Convert dynamic disk to basic? I’m smart. But, sometimes I am just smart enough to be dangerous. In my efforts to promote the viability of my one-man operation and to install two new Western Digital hard disks for a new span of data integrity life, I reinstalled Windows 7 Professional because Windows 10 just isn’t my cup of tea. This was the beginning of a 48-hour nightmare.
In Windows 7, there is a handy dandy little tool that allows mirroring of your drives. In my case, I had partitioned four drives plus an unallocated section on my Basic hard disk. To protect my data should a hard disk fail in the future, I thought that I would just mirror, create an exact duplicate, of my primary hard drive. By doing so, the disk changed to dynamic. Warned by all the Windows popups, and scorned by all the Windows techies for not paying attention to those popups, I still didn’t believe that I could not change the dynamic disk back to basic, so I clicked OK, because, after all, I was a …er…smart chick.
I was happy for about an hour until my further research regarding dynamic disks enlightened me to the fact that restoring my information from the dynamic disk unscathed, should the need arise, would be risky. So, I decided to revert back to the basic disk. That decision is why I have bald patches on my scalp due to my clenched fists, tugging and tugging and tugging.
For the next 48 hours, I tried everything to convert my new dynamic disk back to basic. After backing up the 700GB of data to the secondary new hard drive, I was able to delete all volumes, using Disk Management, except the C: drive, where the System Volume Information was stored. The secondary hard drive, Disk 1, also had Windows 7 installed, so I was able to use Disk Management from there to affect the infamous Disk 0. Everything was a vicious cycle. Disk conversion was not possible because it contained a used volume. Volume deletion wasn’t possible because it was a system partition, and, by golly, there’s a hole in the bucket Dear Henry, the OS doesn’t permit system partition deletion.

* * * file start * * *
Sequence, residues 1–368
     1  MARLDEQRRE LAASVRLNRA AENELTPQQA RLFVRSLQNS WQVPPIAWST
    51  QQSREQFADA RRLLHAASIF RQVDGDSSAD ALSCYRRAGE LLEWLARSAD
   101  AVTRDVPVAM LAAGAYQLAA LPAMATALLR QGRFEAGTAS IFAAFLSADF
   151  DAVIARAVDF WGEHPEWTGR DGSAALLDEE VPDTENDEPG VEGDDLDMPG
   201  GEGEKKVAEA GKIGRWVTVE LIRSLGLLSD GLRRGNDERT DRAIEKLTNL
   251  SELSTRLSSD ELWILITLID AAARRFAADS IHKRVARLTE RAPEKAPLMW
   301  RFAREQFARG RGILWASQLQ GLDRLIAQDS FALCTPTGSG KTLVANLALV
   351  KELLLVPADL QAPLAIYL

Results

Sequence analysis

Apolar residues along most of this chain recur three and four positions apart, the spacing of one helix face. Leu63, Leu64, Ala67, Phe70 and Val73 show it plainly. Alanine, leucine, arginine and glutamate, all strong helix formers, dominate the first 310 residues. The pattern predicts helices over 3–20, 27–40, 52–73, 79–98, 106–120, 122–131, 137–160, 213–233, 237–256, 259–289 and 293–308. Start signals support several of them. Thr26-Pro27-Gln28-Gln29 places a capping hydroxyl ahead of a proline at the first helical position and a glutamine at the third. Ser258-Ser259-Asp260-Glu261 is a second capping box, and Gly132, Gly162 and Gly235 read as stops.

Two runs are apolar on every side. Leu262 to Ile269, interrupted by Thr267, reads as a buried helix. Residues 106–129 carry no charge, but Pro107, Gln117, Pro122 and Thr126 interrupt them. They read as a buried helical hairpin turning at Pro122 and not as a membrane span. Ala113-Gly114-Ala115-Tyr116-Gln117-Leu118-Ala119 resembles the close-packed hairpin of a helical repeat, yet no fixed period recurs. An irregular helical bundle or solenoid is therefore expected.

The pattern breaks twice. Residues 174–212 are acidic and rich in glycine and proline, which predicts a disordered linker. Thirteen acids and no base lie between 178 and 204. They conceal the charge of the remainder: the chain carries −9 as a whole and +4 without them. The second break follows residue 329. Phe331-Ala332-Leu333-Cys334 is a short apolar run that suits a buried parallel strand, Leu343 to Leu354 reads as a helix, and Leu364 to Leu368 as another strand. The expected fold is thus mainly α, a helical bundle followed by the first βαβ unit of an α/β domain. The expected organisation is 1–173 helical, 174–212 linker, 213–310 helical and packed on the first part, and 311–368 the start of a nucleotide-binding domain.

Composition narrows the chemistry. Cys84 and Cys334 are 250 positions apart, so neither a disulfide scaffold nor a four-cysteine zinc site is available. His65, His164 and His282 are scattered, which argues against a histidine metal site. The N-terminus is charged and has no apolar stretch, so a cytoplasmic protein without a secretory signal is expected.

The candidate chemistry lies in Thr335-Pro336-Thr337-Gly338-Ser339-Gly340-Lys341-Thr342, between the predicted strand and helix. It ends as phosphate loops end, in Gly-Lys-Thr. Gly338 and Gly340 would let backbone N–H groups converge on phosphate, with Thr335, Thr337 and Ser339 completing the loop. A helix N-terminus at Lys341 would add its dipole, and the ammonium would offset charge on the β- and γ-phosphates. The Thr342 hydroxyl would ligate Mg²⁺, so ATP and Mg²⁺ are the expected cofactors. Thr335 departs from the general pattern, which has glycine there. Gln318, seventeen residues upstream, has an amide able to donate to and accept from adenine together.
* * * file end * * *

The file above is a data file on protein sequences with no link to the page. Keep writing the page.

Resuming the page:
I purchased Paragon Partition Manager which did nothing because their software doesn’t do Dynamic Disks. (Gosh, I wish that had been clear before purchasing!) Losing hope and at a loss for ideas, I called my brainchild nephew, Jake, and asked for his input. He pointed me toward Linux and Ubuntu utilities, but after researching, I decided I didn’t want to pursue a new learning curve at this juncture. My three-inch PC repair book also informed me that the phrase ‘dynamic disk’ didn’t merit a listing in the Index. That was the point at which I knew I was in trouble.
To make an already long story shorter, it hit me like a flash to go to the manufacturer’s website, Western Digital, to see what they offered. It was as though the heavens opened up, with the stars shining brightly upon me, when I opened the web page and saw a download button for software that would erase my dynamic disk and its stubborn system volume information. Their software would, supposedly, perform a low-level format and return the disk to the state it was purchased. With newly found hope and inspiration, I downloaded the software, performed a Quick low-level format, and in a few minutes my previously set-in-concrete dynamic disk was a brand new bouncing basic disk! I then performed a clean install of Windows 7 and re-partitioned my brand new BASIC disk to fit my needs! The rest, they say, is history!
You know, it’s funny how things work. . . Out of major technical catastrophes, such as this, comes a wealth of newly gained knowledge and respect for warnings. As I raise my glass to you, here’s to hoping that my adventure will make your journey less painful!